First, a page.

Guest Post: Occupational dermatitis claims

Occupational dermatitis figures show that a number of employers are breaching their legal obligation to protect workers from exposure to harmful chemicals and substances.
Roberts Jackson

The Government Health and Safety statistics confirm that between 2009 and 2011, there were around 40,000 new cases of occupational skin diseases per year. The high figure shows that work-related skin conditions are still common, despite the number of sufferers having fallen since 2005.

Individuals tend to develop occupational dermatitis through exposure to harmful chemicals and substances in the workplace. The Health and Safety figures show that the most common cause is ‘wet work’, where skin is in contact with soaps and cleansers.

An employer’s duty of care

Employers have a duty of care and are required to adhere to Control of Substances Hazardous to Health (COSHH) Regulations. After conducting risk assessments on any tasks involving potentially harmful chemicals and substances, they must then take appropriate action to eradicate or eliminate any possible risks to the skin.

Such measures that employers can take to protect their employees from occupational dermatitis and their business from dermatitis claims include:

  • Substitution – replacing a hazardous substance with one that presents less or no risk, or using another process where skin isn’t exposed to the chemical.
  • <li

Limiting exposure

    - controlling the amount of time an employer is exposed to a certain workplace substance.

  • Chemical safety data sheets – providing employees with information on a chemical’s potential hazards , advising on handling, storage and emergency measures in case of an accident.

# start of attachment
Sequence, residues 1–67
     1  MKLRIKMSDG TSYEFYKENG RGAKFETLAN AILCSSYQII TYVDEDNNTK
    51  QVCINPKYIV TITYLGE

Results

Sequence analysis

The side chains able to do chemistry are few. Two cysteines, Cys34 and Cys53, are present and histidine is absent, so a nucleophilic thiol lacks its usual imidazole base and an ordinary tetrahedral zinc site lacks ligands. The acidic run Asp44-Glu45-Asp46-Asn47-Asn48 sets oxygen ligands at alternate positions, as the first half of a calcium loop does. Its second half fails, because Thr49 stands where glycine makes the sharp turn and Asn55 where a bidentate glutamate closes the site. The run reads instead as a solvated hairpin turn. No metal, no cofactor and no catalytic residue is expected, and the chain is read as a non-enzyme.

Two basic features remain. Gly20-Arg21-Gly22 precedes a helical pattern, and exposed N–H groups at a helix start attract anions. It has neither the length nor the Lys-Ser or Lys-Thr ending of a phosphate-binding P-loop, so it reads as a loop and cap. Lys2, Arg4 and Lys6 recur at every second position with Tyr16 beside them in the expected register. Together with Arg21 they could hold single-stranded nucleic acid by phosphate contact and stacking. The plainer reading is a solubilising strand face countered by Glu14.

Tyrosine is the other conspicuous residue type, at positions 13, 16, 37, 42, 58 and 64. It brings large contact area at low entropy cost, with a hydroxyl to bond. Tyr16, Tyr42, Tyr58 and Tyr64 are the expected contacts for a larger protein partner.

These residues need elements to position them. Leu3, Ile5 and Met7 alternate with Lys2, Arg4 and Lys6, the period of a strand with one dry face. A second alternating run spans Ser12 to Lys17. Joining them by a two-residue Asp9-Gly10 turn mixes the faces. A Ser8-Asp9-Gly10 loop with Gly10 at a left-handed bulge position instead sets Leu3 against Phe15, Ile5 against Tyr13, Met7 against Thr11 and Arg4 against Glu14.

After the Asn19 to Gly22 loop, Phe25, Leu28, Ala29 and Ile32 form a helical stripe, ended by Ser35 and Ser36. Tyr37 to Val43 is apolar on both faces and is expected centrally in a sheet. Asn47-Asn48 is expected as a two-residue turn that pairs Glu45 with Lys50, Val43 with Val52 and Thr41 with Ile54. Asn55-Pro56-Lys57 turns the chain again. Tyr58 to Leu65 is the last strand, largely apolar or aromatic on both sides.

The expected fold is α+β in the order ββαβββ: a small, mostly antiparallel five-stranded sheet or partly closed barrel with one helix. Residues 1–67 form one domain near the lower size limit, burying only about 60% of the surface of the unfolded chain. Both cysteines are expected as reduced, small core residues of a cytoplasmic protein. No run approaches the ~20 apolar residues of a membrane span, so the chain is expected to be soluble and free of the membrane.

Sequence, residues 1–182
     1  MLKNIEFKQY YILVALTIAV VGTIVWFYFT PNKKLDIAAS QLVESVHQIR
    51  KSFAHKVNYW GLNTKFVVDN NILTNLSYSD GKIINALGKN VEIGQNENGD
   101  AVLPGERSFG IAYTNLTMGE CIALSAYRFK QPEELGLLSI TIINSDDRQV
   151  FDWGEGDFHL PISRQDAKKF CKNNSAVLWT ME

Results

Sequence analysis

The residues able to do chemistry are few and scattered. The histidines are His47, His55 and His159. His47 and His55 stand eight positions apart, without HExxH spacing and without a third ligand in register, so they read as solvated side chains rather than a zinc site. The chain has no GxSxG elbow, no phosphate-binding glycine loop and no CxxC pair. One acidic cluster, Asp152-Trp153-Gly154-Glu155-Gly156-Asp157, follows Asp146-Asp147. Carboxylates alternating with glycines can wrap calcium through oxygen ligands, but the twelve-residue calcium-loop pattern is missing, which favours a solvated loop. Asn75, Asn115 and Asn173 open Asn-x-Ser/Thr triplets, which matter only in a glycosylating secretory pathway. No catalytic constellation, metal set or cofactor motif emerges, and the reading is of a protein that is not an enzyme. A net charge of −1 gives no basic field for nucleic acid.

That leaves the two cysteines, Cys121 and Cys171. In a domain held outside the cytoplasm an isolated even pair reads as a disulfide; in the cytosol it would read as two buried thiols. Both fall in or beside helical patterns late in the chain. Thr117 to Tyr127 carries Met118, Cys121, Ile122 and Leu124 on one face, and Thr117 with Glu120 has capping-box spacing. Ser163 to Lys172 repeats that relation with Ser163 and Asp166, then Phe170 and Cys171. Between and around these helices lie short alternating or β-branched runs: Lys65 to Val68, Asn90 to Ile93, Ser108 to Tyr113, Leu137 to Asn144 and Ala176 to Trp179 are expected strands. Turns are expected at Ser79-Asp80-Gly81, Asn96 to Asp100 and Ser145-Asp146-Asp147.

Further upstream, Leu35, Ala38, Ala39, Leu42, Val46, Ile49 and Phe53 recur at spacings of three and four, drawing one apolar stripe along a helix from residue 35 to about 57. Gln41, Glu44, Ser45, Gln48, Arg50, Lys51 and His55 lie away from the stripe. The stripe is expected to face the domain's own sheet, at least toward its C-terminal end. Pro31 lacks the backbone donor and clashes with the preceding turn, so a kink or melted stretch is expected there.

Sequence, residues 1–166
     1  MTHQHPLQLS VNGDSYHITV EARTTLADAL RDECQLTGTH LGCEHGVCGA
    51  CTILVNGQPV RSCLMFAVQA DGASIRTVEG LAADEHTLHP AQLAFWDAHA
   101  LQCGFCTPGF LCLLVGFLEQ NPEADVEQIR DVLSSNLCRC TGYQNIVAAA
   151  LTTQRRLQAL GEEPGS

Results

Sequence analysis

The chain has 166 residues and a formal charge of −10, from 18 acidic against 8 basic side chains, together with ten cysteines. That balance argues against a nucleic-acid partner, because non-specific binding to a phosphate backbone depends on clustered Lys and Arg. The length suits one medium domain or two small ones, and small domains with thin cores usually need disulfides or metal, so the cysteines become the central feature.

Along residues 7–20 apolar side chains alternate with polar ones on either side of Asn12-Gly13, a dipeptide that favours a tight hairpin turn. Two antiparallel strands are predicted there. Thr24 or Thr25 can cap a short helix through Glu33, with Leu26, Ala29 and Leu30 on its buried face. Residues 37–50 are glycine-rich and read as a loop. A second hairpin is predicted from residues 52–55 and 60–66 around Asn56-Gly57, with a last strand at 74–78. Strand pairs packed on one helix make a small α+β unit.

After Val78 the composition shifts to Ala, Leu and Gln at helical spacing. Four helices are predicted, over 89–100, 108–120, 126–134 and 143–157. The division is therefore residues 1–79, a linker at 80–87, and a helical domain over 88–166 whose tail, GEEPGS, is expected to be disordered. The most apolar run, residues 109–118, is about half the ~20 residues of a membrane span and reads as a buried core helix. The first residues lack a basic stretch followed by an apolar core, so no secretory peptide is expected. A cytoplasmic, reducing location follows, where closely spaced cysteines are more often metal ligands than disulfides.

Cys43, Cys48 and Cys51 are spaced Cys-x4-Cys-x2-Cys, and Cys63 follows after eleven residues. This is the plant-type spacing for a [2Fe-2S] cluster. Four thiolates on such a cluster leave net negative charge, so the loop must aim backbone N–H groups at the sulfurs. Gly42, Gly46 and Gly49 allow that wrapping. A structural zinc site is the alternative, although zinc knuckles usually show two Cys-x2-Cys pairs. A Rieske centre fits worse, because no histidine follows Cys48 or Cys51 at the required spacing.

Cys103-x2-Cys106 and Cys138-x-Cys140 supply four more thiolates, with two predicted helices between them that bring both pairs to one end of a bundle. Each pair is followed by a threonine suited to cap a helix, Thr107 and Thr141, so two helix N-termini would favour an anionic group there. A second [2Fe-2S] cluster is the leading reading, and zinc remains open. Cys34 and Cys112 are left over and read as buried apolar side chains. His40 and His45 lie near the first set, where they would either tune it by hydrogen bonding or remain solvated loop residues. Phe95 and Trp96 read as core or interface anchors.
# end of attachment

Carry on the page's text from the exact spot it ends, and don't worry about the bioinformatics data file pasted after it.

• Control and monitoring – controlling exposure through equipment, procedures and work behaviour, while monitoring these processes to ensure they remain effective.
  • Permits – setting up a permit-to-work system with previously agreed safety procedures where employers must authorise the usage of potentially harmful chemicals.
  • Personal protective equipment- providing adequate clothing, gloves, footwear, eye protection or respirators to protect individuals.
  • Health surveillance – obtaining information about employees’ health, checking for signs of occupational dermatitis and then taking relevant action.
  • Training – offering information and training on the potential hazards so that employees understand the preventive processes their workplace has in place.

Employees then have a duty to make full use of the procedures and equipment put in place to protect their skin.

Occupational dermatitis claims

If an employer breaches their duty of care and fails to control their workforce’s exposure to harmful chemicals, they are at risk of employees developing occupational dermatitis.

Industrial disease solicitors often deal with individuals suffering from the skin condition as a result of their workplace. People with dermatitis suffer from pain and the inability to function as they would normally. This can result in a loss of earnings and even stop the person from continuing in their employment. Due to the damages caused, such individuals can claim dermatitis compensation from their employers.

Medical evidence must be provided to confirm that the claimant developed dermatitis as a result of their negligent employer, while the substance used must be deemed as potentially harmful.

As the Health and Safety statistics show that there were a high number of new work-related dermatitis cases between 2009-2011, this suggests that a number of businesses are ignoring their legal requirements and putting themselves at risk of occupational dermatitis claims. By simply adhering to the regulations, organisations can protect their workers from the skin condition, while also safeguarding their business from costly and time-consuming dermatitis claims.